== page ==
Castle Point Astronomy Club
Castle Point Astronomy Club Diary
February 2018 by Dave Stratton
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Wednesday 7th February 2018

Andrew introduced Dave Hudson for his talk:

Extreme Stars – Everything that you wanted to know about stars and a lot less.

Dave began by listing the various topics that he would cover then showed us a chart of the HR diagram which he explained briefly.

He showed a chart listing the various types of star O, B, A, F, G, K, and M. Where O is the hottest and M the coolest. We saw that there is just 1 class O, 3,600 Bs and 17,000 As. He added that 76% of stars are class M.

M and L dwarfs make up approx half the mass of our galaxy despite being so small.

We learnt that Apparent Magnitude is how bright an object appears to our eyes. Absolute mag is a way of comparing how bright an object really is at a standard distance. Absolute magnitude is slightly more complicated. It is the magnitude of an object if it were 32.6 light years away that´s 10 parsecs. This allows stars to be compared precisely.

Dave explained that a star’s light could be analysed by splitting it into its spectra and then studying the absorption lines to learn the elements present.

The mass of a star is very important it controls the degree of compression and affects the internal temperature and luminosity.

He explained how stars burn very simply and said that the smaller the star the longer it would last and very large stars do not last long at all.

Coolest and Faintest Stars

Dave showed us a slide with cutaway stars showing how the heat is moving in a small star. The smallest have a single circulating system as they get bigger the centre is radiating and the outer circulating – larger again and it is a combination of these systems.

He said that the minimum mass of a star is in the order of 8% of the Sun with a surface temp. of 2000K.

A star like the Sun will last 10 billion years. However a star of 0.8 of the mass of the Sun has a life of 13 billion years. Below G8 no stars have died yet as the universe is only 13.7 billion years old.

The Sun will go into a giant phase at 5 billion years in the future. It will swell and brighten 1000 times swallowing Mercury. When the core Hydrogen burns it swells possibly engulfing Venus and even Earth - the temperature will be 2000 to 2500K. Eventually the outer layers are blown away leaving a naked core.

Hottest Stars

White Dwarfs are amongst the hottest the core gets hotter, as it contracts the electrons move faster when they get to a certain speed they can´t get any closer and produce an outward pressure this initially slows then stops the star´s contraction and it becomes a white dwarf with a mass of 0.55 to 1 of the Sun. The temperature increases from 25,000 to 100,000K. Total luminosity is 1000 times that of the Sun, but mostly in the ultra voilet which we cannot see.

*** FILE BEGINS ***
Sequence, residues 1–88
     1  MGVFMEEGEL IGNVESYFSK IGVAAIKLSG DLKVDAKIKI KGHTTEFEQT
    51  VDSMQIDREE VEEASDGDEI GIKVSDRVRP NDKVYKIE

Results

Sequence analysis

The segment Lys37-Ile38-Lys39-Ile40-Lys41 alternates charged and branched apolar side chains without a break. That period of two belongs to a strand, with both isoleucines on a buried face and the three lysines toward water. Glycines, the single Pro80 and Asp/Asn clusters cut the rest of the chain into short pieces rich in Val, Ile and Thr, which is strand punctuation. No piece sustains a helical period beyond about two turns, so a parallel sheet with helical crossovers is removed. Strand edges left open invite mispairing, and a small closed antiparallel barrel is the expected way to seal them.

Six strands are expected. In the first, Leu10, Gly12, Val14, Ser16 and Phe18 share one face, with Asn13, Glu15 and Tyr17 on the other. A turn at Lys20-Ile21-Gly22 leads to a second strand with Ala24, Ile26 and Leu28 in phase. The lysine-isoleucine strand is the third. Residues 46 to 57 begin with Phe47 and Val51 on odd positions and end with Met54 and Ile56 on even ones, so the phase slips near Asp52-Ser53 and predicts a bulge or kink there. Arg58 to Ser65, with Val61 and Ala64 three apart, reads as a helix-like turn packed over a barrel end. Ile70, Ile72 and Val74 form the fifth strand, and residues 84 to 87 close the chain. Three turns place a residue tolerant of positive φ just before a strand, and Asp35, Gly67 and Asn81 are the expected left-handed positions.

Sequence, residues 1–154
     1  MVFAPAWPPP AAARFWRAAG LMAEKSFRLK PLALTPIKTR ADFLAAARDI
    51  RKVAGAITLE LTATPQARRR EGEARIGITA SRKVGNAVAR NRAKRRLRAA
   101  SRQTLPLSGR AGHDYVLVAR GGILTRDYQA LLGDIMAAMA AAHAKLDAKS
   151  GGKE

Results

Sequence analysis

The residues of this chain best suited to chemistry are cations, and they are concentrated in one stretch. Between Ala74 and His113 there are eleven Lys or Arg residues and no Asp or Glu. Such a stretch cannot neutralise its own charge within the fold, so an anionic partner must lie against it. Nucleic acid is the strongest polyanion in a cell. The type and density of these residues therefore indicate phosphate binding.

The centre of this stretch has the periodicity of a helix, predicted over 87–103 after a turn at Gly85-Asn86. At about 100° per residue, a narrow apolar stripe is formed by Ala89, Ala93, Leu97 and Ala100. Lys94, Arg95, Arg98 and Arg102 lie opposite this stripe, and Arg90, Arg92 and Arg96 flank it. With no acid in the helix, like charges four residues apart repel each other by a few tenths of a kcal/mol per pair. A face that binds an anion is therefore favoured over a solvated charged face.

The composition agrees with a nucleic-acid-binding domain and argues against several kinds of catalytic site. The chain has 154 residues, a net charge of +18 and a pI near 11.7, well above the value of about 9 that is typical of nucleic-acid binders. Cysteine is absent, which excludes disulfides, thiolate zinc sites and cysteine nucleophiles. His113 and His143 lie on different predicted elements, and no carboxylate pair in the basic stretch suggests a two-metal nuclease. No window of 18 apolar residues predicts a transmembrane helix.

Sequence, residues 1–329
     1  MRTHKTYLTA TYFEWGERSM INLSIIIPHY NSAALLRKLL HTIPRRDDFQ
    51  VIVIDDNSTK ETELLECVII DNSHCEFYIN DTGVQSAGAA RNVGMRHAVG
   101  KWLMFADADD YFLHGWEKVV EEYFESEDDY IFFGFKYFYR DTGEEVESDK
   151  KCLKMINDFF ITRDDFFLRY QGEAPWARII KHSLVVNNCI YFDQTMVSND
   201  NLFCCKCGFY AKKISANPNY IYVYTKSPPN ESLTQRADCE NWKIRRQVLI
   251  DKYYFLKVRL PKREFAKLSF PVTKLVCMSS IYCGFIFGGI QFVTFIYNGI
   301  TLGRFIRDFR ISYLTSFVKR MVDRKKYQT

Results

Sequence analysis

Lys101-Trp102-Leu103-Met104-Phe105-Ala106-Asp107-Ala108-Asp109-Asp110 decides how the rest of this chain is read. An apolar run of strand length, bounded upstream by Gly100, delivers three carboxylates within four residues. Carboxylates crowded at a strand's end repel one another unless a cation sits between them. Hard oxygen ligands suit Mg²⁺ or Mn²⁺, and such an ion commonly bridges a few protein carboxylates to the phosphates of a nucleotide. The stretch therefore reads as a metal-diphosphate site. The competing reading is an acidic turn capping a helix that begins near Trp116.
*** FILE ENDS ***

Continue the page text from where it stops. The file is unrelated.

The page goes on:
Brightest Stars

He said the first stars we see in the evening are the summer triangle of Deneb, Vega and Altair. Deneb and Vega look about the same, but Vega is 25 light years away and Deneb is 2600 light years away. It is 200,000 times brighter than the Sun. If it were at Vega´s distance it would be magnitude -8.5 or 40 times brighter than Venus making it visible in daytime and cast shadows at night.

Largest Stars

Dave said that red super giants are very rare – about one in a million are in this category. They are all class M with temps below 3,800K. They evolve from stars above 10x Sun. Betelgeuse is 775x Sun it would extend to 3.6 AU between Mars and Jupiter. It is thought to have two companions.

Antares is bigger at 900 times the Sun and would extend to 80% of Jupiter´s orbit. VV Cephei is 1,900 times the Sun and would nearly reach Saturn. You could fit 7 billion Suns inside it.

We saw a series of discs depicting a host of ever increasing star sizes - quite mind blowing.

Smallest Stars

Red dwarfs can be smaller than Jupiter. A Neutron Star is a celestial object of very small radius (typically 30 km) and very high density, composed predominantly of closely packed neutrons. Neutron stars are thought to form by the gravitational collapse of the remnant of a massive star after a supernova explosion, provided that the star is insufficiently massive to produce a black hole.

Oldest Stars

He said the Pleiades were young at 100 million years old, M67 is 5 billion years old. The oldest known - HE 1523-0901 is the designation given to a red giant star in the Milky Way galaxy approximately 7500 light years from Earth - is 13.2 billion years.

Strangest Stars

We saw an image of the Calabash Neb The object is sometimes called the Rotten Egg Nebula because it contains a relatively large amount of sulphur. The densest parts of the nebula are composed of material ejected recently by the central star and accelerated in opposite directions. This material is zooming away at speeds up to one and a half million kilometres per hour. Most of the star´s original mass is now contained in these bipolar gas structures.

The Stingray Nebula is the youngest known planetary nebula. It is located in the direction of the southern constellation Ara, and is located 18,000 light-years away. Although it is some 130 times the size of the Solar System, the Stingray Nebula is only about 1/10 the size of most other known planetary nebulae.

Epsilon Auriga is a multiple star system in the northern constellation of Auriga. It is an unusual eclipsing binary system comprising an F0 supergiant and a companion which is generally accepted to be a huge dark disk orbiting an unknown object, possibly a binary system of two small B-type stars. The distance to the system is still a subject of debate, but modern estimates place it approximately 2,000 light years from Earth.


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